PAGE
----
Director: Bob Persichetti, Peter Ramsey & Rodney Rothman
Starring: (voices of) Shameik Moore, Jake Johnson, Hailee Steinfeld, Mahershala Ali, Brian Tyree Henry, Lily Tomlin, Nicolas Cage, Liev Schreiber
Run Time: 117 mins
Spider-Man: Into The Spider-Verse is a surprisingly good film that has plenty of heart, well-developed characters and manages to put a fresh spin on the famous Web-Slinger amidst the superhero fatigue. The marketing siginificantly diminshed my expectations as it looked to be a crowded, overstuffed film that struck a boisterous tone. The idea of having multiple versions of Spider-Man is an interesting one and it gives this film a chance to bring back many fan favourites and explore alternative characters that have been previously marginalised.
This film follows Miles Morales instead of Peter Parker (who features as well), a mixed race teenager who struggles to fit in at school and doesn’t meet the lofty expectations of his parents, specifically his policeman father who also doesn’t see Spider-Man as a benefit to the city. When Miles gets bitten by a radioactive spider to become the eponymous superhero, he stumbles across Kingpin who is trying to experiment accessing parallel universes in an effort to bring back his deceased wife and son. This then, as one would expect, causes problems and different versions of Spider-Man are brought into Miles’ dimension. These include Peter Parker, Spider-Gwen and more obscure versions of the character such as Spider-Noir and Spider-Ham. They all have to team up to defeat Kingpin so that they can return to their respective universes before they deteriorate.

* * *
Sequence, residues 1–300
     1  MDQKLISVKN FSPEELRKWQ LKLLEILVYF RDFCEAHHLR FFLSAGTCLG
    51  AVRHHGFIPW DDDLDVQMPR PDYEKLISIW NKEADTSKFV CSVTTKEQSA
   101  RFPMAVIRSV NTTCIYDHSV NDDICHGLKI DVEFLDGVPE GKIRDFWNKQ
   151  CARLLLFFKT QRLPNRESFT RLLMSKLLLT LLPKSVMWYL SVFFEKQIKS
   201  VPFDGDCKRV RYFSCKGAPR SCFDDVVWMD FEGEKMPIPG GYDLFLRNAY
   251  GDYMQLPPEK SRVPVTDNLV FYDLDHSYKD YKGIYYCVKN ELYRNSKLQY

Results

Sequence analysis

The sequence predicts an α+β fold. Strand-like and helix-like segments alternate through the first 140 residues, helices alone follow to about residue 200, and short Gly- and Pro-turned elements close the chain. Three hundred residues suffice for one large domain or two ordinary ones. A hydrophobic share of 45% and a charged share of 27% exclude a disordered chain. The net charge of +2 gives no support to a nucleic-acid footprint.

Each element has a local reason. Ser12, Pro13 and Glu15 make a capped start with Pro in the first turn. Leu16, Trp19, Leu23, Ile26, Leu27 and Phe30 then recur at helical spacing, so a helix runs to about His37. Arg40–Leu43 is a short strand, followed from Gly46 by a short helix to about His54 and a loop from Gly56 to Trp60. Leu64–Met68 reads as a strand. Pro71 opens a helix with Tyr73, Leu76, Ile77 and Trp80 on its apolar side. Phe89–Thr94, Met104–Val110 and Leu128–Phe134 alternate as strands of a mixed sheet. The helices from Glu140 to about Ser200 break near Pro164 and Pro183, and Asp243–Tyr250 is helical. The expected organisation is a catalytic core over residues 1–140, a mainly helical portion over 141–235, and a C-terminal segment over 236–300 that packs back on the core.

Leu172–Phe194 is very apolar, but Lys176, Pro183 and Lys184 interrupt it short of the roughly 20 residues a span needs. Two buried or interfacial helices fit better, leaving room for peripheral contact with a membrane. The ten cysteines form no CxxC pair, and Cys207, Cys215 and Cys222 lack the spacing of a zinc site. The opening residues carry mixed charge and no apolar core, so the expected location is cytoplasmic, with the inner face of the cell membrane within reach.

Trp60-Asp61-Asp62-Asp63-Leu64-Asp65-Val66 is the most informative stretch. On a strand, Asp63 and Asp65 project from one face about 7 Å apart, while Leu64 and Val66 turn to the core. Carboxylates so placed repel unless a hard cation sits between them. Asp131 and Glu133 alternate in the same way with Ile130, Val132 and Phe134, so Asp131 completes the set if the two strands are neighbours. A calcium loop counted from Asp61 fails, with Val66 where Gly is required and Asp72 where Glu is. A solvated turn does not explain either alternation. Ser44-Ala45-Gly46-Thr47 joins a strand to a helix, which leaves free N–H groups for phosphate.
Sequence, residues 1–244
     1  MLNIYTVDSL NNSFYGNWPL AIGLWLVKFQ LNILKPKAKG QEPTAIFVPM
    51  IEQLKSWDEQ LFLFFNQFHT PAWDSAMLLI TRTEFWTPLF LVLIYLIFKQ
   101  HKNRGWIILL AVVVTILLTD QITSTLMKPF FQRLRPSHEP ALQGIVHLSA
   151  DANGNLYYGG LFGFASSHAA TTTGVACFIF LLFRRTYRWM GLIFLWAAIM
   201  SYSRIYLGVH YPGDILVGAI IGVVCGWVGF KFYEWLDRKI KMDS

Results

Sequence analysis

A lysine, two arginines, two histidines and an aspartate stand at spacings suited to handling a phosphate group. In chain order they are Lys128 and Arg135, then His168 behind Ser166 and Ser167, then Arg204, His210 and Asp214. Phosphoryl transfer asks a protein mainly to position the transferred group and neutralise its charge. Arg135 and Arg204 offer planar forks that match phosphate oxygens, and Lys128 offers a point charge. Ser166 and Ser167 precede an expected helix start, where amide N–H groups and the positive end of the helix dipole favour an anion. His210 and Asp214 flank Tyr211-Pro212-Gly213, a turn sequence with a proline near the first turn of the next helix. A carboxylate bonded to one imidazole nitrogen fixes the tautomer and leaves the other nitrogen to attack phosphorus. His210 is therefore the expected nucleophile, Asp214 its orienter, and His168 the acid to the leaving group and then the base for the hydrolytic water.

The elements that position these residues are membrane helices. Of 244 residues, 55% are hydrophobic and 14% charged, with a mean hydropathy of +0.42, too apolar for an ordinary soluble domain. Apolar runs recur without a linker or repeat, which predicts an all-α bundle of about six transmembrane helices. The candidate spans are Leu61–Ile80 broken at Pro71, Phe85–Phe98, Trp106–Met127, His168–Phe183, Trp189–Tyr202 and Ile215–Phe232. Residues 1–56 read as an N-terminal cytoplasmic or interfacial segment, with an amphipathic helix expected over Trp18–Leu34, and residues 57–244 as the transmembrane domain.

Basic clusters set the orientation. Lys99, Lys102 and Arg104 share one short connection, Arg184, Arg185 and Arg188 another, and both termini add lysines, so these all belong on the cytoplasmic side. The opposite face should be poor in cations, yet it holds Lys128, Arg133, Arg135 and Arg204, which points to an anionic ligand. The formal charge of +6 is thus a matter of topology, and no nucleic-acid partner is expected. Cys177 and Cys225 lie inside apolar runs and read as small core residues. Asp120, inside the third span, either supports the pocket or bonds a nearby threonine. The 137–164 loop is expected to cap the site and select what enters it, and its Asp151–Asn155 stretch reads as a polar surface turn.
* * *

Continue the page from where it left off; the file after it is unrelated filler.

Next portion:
Spider-Man: Into The Spider-Verse succeeds in playing with comic-book convention and it manages to not fall into certain pitfalls of the genre. Perhaps the most impressive is how it tells the origin stories of all the characters in the film without spending too much time and doing it in a comedic manner. This is a fun and fresh take on this and allows the film to get to its main narrative thread quicker. The voice cast are all excellent and all seem to be having fun. Although not quite as funny as it could have been, there’s plenty of laughs to be had in this film as well through physical gags to obscure comic-book references for the fans. There’s also a very touching Stan Lee cameo made all the more heartfelt since his passing.
With all that said, I don’t think it’s quite as good as it has been made out to be. It does succumb somewhat to typical third-act antics with an overlong and not particularly exciting final battle. Despite some hints at a more fleshed out character, the villain Kingpin is underused and quite one-dimensional. Both problems this film has are also the downfall of Aquaman as well, currently playing in cinemas too.
Overall, Spider-Man: Into The Spider-Verse is an energetic and entertaining film that is heartfelt and provides a refreshing spin on the popular superhero. It packs some good twists in its storyline and should be a delight for comic-book fans through some more obscure and metatextual references. But it’s not quite as good as it could have been as it falls into typical problems of a lacklustre villain and a slightly tiring third act.